We travelled further south until we crossed US Highway 30, and about 5 miles later we arrived at our destination for day one - Lucin, which is an abandoned railroad town and appears as a tiny oasis on the western edge of the Great Salt Lake Desert with the only trees seen for many miles in any direction.  We arrived about 6 PM and quickly set up our tents.

We were then off to the Sun Tunnels located about 5 miles south of our camp.  Created by Nancy Holt in 1976, the tunnels consist of four massive concrete tubes oriented in an X such that two of the tunnels align with the setting and rising sun during the summer solstice and two line up during the winter solstice.  We arrived just before sunset.

The tunnels are sufficiently large to ride your bike through them, which many of us did.  Here is Sam and his bike seen through one of the many side holes cut in the concrete tubes to pattern the constellations of Draco, Perseus, Columbia, and Capricorn.

We noted what appeared to be circular tracks spiralling through the length of the inside of each tube.  Upon closer inspection it became apparent that they were made by the traces of bullets shot into the tubes from an angle creating a rifling effect.

 Arriving back at camp, we individually cooked and ate our dinners, and then crawled into our sleeping bags for a well deserved rest after traveling about 330 miles, most of it on dirt.....

.....Then came the trains - long freight trains with multiple engines at each end pulling and pushing their loads.  The tracks are only a 100-150 yards from where we were camped, and of course, the engineers sounded their whistles as they approached the railroad crossing.  Between and after the trains you could hear the sounds of little critters coming to the only water hole for miles in any direction located right next to our camp!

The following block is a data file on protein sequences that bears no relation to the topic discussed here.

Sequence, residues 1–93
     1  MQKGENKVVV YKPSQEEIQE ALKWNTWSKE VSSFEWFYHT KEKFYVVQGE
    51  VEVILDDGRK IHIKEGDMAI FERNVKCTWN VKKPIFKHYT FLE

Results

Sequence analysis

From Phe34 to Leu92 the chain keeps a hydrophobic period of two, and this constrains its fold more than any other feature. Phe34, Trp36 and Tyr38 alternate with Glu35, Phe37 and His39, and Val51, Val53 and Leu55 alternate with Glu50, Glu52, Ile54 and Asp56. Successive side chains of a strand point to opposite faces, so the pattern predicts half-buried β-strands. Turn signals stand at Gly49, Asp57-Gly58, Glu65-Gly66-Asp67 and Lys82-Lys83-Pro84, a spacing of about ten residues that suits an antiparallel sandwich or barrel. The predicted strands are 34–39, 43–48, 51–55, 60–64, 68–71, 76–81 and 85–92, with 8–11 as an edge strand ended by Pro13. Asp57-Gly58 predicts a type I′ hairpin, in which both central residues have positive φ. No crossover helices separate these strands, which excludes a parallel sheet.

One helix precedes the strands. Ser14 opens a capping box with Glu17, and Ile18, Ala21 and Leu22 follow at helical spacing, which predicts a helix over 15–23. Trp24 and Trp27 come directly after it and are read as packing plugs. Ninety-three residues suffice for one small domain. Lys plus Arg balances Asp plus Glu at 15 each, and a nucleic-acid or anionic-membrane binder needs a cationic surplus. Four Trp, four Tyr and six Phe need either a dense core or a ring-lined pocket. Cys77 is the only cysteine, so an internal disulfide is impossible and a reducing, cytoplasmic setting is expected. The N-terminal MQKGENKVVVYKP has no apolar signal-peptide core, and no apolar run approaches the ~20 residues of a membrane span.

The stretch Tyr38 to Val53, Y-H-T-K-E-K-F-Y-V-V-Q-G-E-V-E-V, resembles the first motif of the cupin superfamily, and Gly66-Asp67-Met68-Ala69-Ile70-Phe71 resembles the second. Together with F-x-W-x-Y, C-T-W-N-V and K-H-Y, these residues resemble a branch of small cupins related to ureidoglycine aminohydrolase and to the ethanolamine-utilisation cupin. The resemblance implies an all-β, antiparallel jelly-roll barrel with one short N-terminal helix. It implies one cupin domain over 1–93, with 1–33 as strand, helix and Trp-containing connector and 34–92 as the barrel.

Following a night's rest - though it was somewhat fitfull, we embarked on riding about 90 miles of the original Central Pacific Transcontinental Railway grade from Lucin to Promontory Point.

Every few miles along this grade signage is located telling the story of the small towns and stations built up to support this section of the transcontinental railroad.

Following is one of the many original trestles over the intermittent streams that form from ocassional rain storms.  Since these are now over 140 years old, no vehiclar traffic is allowed over them.  The road diverts around each of these before resuming the original railroad grade.

Looking west toward Lucin from one of these trestles you will see this view.

Looking to the east toward Kelton, this is the view.  Each of the trestles are marked by upright warning signs.

We were met part way by a couple in a motorized paraglider following the same grade we were, only going in the opposite direction.

Terrace was the largest of the towns built along this stretch of railroad.  It had a large roundhouse for servicing the steam engines.  All that remains of it now is a pile of bricks.

The Terrace Cemetery is located a short distance to the east along the grade.  Not a lot remains, and unfortunately, there has been significant vandalism.

This shows a section of original railroad ties on a side spur of the railroad grade near Terrace.

Grouped up just outside Terrace.

Between Ombey and Kelton, Gary noted the back end of his bike behaving abnormally, and on closer inspection it was evident that he had a flat in his tubless tire.  It took a while to find the small punture site (no foreign object was still in the tire).

He set the bead by circumferentially compressing the middle of the tire tread to force the sidewalls and tire bead into the wheel rims.

We then reamed the small leaking hole and plugged it using the special tool and tire plugs saturated with glue.  He made it the rest of the ride, though he did have to intermittently put some air into the tire.

At Kelton, all that remains is the cemetery, and a lot of that has been vandalized.